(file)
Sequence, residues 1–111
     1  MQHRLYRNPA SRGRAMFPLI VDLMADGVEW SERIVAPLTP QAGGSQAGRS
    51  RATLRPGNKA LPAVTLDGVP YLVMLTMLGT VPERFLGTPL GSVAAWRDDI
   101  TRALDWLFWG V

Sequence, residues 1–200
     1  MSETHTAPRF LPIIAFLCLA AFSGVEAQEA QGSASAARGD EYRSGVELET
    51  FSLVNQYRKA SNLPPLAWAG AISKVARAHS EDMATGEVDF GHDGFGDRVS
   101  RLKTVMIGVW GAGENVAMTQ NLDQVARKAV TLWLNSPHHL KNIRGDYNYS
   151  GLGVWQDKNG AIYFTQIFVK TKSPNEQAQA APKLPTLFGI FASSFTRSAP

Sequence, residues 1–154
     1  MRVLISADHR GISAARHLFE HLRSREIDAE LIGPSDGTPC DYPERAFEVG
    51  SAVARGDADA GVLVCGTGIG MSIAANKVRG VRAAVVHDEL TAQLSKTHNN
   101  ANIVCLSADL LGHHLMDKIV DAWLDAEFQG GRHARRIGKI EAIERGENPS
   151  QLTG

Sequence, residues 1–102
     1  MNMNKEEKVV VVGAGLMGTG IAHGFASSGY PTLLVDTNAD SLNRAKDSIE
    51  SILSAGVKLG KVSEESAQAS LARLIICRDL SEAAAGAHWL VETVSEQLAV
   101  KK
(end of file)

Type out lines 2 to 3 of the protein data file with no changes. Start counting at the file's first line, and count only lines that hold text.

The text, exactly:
     1  MQHRLYRNPA SRGRAMFPLI VDLMADGVEW SERIVAPLTP QAGGSQAGRS
    51  RATLRPGNKA LPAVTLDGVP YLVMLTMLGT VPERFLGTPL GSVAAWRDDI